Senate Majority Leader Harry Reid (D-Nev.) pledged Thursday afternoon that the Senate would defeat House Speaker John Boehner’s plan to raise the nation’s borrowing limit if it passes the House.
Does that mean that the Boehner plan would no longer be an option?
If the proposal by Boehner (R-Ohio) passes the House on Thursday night (those prospects remain uncertain), it would then head over to the Senate.
But Reid’s pledge Thursday didn’t mean that he planned to bring the measure up for a straight-up-or-down vote.
Instead, if the Senate votes on the measure Thursday night, it would be – in congressional procedure-speak – a vote on a motion to table the motion to concur on the House amendment.
That vote would require a simple majority for passage. With all 53 members of the Senate Democratic caucus vowing to oppose the Boehner plan, it’s nearly certain that Reid’s motion to table it would be approved.
The move would mean that the Boehner bill was not technically killed by the Senate – it would be put aside, and the bill would remain there.
At that point, there would be four procedural options going forward:
1. The Senate could amend the measure and pass it, then send it back to the House for approval, and then – if the House approves – on to President Obama’s desk. In amending the measure, Senate Democrats could change scope of spending cuts and the duration of the debt-ceiling increase (from a short-term one to a longer-term one), among other option.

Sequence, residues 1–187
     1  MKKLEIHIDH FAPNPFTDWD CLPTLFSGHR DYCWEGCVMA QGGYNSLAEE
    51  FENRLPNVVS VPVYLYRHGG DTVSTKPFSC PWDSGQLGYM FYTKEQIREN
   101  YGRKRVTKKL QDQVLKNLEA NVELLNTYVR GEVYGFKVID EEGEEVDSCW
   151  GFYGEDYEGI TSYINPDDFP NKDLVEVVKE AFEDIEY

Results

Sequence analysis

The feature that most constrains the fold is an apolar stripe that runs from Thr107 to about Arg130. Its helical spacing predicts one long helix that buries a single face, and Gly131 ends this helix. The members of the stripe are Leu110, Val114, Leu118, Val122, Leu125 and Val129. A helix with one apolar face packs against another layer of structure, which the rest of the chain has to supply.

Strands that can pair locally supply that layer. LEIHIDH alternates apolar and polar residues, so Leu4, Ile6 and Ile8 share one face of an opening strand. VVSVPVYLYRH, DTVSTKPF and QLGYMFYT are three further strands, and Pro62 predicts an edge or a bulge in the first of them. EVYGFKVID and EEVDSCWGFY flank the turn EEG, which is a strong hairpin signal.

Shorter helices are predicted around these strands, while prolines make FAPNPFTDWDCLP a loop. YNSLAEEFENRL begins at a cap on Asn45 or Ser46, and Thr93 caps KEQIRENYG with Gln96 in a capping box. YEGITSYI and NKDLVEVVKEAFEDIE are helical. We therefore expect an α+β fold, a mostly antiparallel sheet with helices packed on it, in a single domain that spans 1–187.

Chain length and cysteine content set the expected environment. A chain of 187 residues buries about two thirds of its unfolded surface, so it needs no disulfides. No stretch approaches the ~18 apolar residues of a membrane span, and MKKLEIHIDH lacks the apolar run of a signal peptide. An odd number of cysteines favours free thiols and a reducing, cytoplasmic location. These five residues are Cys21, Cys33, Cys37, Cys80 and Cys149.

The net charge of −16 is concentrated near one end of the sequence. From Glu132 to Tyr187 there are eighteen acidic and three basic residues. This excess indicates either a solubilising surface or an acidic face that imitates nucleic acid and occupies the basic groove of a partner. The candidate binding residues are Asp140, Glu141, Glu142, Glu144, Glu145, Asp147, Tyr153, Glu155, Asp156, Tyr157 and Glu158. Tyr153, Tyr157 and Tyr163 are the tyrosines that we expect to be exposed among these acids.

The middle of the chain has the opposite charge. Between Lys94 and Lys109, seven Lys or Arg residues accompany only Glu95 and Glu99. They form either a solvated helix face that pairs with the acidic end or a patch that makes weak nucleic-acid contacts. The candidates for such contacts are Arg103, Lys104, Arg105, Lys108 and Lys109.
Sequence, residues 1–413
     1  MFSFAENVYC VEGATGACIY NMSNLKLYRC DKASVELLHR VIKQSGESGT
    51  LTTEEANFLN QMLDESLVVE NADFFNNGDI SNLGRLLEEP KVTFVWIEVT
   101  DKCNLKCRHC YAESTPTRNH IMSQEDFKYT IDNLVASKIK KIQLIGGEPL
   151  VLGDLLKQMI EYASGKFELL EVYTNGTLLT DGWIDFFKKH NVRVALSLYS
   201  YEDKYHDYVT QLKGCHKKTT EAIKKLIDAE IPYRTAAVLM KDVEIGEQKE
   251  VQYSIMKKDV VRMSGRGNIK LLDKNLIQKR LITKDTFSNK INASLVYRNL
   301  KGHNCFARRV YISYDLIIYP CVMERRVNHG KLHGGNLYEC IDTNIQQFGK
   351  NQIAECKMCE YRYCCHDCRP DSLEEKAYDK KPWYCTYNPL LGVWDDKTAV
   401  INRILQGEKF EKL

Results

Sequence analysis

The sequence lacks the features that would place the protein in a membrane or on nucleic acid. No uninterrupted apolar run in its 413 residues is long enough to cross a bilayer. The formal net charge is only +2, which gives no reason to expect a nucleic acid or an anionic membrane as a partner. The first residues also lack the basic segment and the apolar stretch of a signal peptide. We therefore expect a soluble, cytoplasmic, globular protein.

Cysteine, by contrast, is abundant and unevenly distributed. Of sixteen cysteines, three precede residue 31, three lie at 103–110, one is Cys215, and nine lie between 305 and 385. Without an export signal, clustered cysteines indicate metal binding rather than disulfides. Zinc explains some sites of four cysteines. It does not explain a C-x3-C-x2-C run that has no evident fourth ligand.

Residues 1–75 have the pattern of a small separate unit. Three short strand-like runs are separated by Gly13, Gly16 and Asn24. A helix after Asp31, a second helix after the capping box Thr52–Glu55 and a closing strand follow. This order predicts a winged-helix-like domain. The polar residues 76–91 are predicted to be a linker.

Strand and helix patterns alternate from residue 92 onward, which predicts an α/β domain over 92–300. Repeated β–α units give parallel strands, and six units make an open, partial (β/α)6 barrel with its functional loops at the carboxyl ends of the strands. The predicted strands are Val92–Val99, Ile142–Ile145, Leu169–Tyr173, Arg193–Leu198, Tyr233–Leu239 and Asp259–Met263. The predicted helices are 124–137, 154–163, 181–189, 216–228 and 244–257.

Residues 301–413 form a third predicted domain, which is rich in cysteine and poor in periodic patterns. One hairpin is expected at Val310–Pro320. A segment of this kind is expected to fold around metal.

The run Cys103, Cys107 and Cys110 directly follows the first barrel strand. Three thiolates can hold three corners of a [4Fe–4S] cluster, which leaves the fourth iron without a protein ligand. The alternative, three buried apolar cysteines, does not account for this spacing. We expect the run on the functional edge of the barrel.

2. The Senate could take up the Boehner plan again unchanged, and if it passed, send it to Obama’s desk for his signature (or veto). But Democrats have vowed that no aspect of the Boehner plan will see the light of day.
3. The Senate could take up Reid’s debt-ceiling plan. If it passed, it would head over to the House.
4. The Senate could fail to pass any measure – be it the unchanged Boehner plan, an amended Boehner plan or the Reid plan. At that point, congressional leaders and the White House would likely have to scramble to craft an eleventh-hour deal to avoid default or else, well, the nation would default on its debt obligations.
It’s worth noting that while the Congressional Budget Office said that the Reid plan would achieve $2.2 trillion in deficit savings, rather than the $2.7 trillion originally projected by Senate Democrats, Reid has said that the plan could be easily “tweaked” to ensure that the debt-limit increase is equal to the deficit savings.
Thoughts? Questions? The comments section awaits!